the means for repositioning the subject further positions the subject in the other direction, relative to the first plurality of pixel elements, a distance less than the width;
the digital component also provides a third digital pattern to the digital pixel panel comprising a third plurality of pixel elements; and
the means for exposing also exposes the third plurality of pixel elements onto the plurality of sites of the subject so that the third second plurality of pixel elements overlaps the exposed second plurality of pixel elements.
11. The system of claim 9 wherein:
the means for repositioning further positions the subject again in the column direction, relative to the first plurality of pixels elements, a distance less than the length;
the digital component also provides a third digital pattern to the digital pixel panel comprising a third plurality of pixel elements; and
the means for exposing also exposes the third plurality of pixel elements onto the plurality of sites of the subject so that the exposed third plurality of pixel elements overlaps the exposed first plurality of pixel elements.
12. The system of claim 11 whereby the exposed third plurality of pixel elements also overlaps the exposed second plurality of pixel elements.
13. The system of claim 9 further comprising:
an optic element for reducing the first and second pixel elements to focal points during exposure, wherein each of the focal points cover a portion, but not all, of any of the plurality of sites.
Description
CROSS REFERENCE

This patent is a continuation of U.S. patent Ser. No. 09/633,978 filed Aug. 8, 2000.

BACKGROUND

The present invention relates generally to lithographic exposure equipment, and more particularly, to a photolithography system and method, such as can be used in the manufacture of semiconductor integrated circuit devices.

In conventional analog photolithography systems, the photographic equipment requires a mask for printing an image onto a subject. The subject may include, for example, a photo resist coated semiconductor substrate for manufacture of integrated circuits, metal substrate for etched lead frame manufacture, conductive plate for printed circuit board manufacture, or the like. A patterned mask or photomask may include, for example, a plurality of lines or structures. During a photolithographic exposure, the subject must be aligned to the mask very accurately using some form of mechanical control and sophisticated alignment mechanism.

U.S. Pat. No. 5,691,541, which is hereby incorporated by reference, describes a digital, reticle-free photolithography system. The digital system employs a pulsed or strobed excimer laser to reflect light off a programmable digital mirror device (DMD) for projecting a component image (e.g., a metal line) onto a substrate. The substrate is mounted on a stage that is moves during the sequence of pulses.

U.S. patent Ser. No. 09/480,796, filed Jan. 10, 2000 and hereby incorporated by reference, discloses another digital photolithography system which projects a moving digital pixel pattern onto specific sites of a subject. A “site” may represent a predefined area of the subject that is scanned by the photolithography system with a single pixel element.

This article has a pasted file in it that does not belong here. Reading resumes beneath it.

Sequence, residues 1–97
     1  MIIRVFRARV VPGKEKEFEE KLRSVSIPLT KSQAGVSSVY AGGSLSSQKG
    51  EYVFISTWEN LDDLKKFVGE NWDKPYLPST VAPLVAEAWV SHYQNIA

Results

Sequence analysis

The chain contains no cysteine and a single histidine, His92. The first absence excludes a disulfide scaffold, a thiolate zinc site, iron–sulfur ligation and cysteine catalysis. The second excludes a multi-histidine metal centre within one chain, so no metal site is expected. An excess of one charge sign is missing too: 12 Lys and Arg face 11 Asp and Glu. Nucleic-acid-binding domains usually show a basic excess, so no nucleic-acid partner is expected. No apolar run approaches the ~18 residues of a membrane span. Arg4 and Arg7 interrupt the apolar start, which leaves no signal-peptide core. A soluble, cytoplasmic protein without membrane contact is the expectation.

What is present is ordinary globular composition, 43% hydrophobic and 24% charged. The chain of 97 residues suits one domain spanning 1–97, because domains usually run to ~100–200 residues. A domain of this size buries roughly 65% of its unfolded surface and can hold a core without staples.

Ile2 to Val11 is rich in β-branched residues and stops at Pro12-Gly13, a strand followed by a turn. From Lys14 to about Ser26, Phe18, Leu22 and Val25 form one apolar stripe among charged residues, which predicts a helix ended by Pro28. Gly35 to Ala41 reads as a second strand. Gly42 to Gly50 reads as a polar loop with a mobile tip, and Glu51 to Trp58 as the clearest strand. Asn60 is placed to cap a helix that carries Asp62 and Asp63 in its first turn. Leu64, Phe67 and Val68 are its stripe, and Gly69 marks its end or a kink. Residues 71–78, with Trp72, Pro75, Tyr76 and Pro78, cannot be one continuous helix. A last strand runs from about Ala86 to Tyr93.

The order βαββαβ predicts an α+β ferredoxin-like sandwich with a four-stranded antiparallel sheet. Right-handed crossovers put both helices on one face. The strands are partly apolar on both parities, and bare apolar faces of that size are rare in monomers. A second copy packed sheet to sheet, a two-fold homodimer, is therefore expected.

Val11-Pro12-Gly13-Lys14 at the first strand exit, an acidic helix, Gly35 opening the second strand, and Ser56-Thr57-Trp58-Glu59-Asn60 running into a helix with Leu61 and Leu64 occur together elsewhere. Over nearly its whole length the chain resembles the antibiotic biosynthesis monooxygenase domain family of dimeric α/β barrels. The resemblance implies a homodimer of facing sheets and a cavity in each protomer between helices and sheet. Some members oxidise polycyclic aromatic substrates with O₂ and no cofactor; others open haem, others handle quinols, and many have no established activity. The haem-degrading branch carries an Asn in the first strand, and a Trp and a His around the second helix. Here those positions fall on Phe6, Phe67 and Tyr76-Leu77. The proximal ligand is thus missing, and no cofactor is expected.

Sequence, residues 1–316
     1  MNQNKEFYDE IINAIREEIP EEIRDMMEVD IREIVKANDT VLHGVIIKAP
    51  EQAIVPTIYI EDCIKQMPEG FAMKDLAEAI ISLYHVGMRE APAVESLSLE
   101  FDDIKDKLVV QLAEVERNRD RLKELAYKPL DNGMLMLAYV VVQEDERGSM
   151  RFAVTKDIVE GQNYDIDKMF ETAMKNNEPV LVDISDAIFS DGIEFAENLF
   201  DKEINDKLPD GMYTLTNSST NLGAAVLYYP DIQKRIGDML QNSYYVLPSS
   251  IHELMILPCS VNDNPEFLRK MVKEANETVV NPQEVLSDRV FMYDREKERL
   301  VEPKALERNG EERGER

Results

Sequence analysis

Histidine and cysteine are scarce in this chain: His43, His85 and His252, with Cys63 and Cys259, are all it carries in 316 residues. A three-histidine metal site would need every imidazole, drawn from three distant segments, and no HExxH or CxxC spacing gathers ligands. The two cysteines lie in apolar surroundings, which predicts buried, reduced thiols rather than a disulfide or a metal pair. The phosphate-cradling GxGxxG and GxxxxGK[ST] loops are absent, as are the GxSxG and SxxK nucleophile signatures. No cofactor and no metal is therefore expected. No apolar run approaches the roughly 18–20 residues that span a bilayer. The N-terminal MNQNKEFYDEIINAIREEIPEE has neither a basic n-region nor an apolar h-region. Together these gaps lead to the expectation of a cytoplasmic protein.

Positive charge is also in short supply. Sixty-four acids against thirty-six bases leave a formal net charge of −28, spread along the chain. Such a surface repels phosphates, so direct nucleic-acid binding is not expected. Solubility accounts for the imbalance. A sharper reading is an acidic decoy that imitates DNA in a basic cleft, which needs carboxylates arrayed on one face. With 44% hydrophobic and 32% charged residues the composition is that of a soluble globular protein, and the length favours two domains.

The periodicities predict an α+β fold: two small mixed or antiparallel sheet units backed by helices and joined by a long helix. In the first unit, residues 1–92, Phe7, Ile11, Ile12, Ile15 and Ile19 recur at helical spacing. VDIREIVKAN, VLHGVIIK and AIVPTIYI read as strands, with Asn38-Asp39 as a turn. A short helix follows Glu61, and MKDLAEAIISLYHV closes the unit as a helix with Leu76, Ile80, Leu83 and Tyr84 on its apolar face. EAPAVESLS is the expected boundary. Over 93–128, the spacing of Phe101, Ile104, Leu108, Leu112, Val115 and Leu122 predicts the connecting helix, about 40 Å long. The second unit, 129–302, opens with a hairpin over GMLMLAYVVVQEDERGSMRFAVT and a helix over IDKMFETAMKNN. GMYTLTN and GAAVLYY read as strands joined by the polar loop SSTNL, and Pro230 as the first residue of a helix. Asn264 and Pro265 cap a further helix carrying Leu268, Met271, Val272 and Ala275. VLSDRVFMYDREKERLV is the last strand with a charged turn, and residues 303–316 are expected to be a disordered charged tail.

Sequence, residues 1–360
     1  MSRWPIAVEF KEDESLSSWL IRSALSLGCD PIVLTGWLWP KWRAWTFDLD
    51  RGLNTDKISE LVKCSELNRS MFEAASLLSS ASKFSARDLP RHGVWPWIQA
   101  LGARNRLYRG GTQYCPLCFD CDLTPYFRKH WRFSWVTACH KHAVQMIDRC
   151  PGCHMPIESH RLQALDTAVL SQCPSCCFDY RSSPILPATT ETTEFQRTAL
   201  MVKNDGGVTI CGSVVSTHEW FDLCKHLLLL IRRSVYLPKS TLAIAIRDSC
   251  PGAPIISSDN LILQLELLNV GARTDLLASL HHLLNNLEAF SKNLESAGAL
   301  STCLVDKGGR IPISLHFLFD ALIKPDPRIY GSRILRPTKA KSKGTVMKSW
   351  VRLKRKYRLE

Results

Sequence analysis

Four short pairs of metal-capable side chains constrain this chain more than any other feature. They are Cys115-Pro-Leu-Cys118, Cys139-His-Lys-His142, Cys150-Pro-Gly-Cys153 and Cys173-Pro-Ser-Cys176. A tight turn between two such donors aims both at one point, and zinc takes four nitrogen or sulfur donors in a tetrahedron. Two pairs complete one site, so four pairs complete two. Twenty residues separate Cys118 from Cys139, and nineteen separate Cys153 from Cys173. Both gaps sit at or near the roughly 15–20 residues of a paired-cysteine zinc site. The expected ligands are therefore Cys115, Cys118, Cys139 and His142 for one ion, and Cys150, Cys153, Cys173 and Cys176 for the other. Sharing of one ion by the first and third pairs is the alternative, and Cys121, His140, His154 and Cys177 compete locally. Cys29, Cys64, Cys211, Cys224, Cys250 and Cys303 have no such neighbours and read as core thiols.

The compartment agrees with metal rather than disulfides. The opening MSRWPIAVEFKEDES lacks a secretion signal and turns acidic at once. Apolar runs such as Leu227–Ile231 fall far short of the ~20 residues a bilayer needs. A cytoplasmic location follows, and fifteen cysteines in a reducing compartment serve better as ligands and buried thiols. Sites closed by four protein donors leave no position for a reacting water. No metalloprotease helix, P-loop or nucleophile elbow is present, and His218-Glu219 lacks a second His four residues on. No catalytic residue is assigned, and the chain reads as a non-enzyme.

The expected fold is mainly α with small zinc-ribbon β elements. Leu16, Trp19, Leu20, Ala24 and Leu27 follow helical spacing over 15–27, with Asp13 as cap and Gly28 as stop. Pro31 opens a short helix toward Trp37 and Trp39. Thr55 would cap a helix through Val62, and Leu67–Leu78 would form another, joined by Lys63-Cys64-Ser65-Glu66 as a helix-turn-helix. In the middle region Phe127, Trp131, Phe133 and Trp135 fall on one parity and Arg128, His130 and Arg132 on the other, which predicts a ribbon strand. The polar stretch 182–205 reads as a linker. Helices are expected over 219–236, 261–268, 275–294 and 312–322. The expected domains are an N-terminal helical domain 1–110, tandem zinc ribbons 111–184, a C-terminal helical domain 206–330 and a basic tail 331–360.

Both digital photolithography systems project a pixel-mask pattern onto a subject such as a wafer, printed circuit board, or other medium. The systems provide a series of patterns to a pixel panel, such as a deformable mirror device or a liquid crystal display. The pixel panel provides images consisting of a plurality of pixel elements, corresponding to the provided pattern, that may be projected onto the subject.

Each of the plurality of pixel elements is then simultaneously focused to different sites of the subject. The subject and pixel elements are then moved and the next image is provided responsive to the movement and responsive to the pixel-mask pattern. As a result, light can be projected onto or through the pixel panel to expose the plurality of pixel elements on the subject, and the pixel elements can be moved and altered, according to the pixel-mask pattern, to create contiguous images on the subject.

With reference now to FIG. 1a, a conventional analog photolithography system that uses a photomask can easily and accurately produce an image 10 on a subject 12. The image 10 can have horizontal, vertical, diagonal, and curved components (e.g., metal conductor lines) that are very smooth and of a consistent line width. Referring also to FIG. 1b, a conventional digital photolithography system that uses a digital mask can also produce an image 14 on a subject 16. Although the image 14 can have horizontal, vertical, diagonal, and curved components, like the analog image 12 of FIG. 1a, some of the components (e.g., the diagonal ones) are neither very smooth nor of a consistent line width.

Certain improvements are desired for digital photolithograph systems, such as the ones described above. For one, it is desirable to provide smooth components, such as diagonal and curved metal lines, like those produced with analog photolithography systems. In addition, it is desired to have a relatively large exposure area, to provide good image resolution, to provide good redundancy, to use a relatively inexpensive incoherent light source, to provide high light energy efficiency, to provide high productivity and resolution, and to be more flexible and reliable.

SUMMARY

A technical advance is provided by a novel method and system for making smooth diagonal components with a digital photolithography system. In one embodiment, the method for performing digital lithography exposes a first pixel element onto a first site of a subject such as a resist coated wafer. The method then repositions the wafer for a distance and exposes a second pixel element. The exposure from the second pixel element “overlays,” or “overlaps” a portion, but not all, of the exposure from the first pixel element. This process can be repeated until a majority of the wafers surface is exposed.

In some embodiments, the method repositions the subject in a different direction and exposes a third pixel element onto the subject. The exposed third pixel element overlays a portion, but not all, of the exposure from the first pixel element and/or the second pixel element.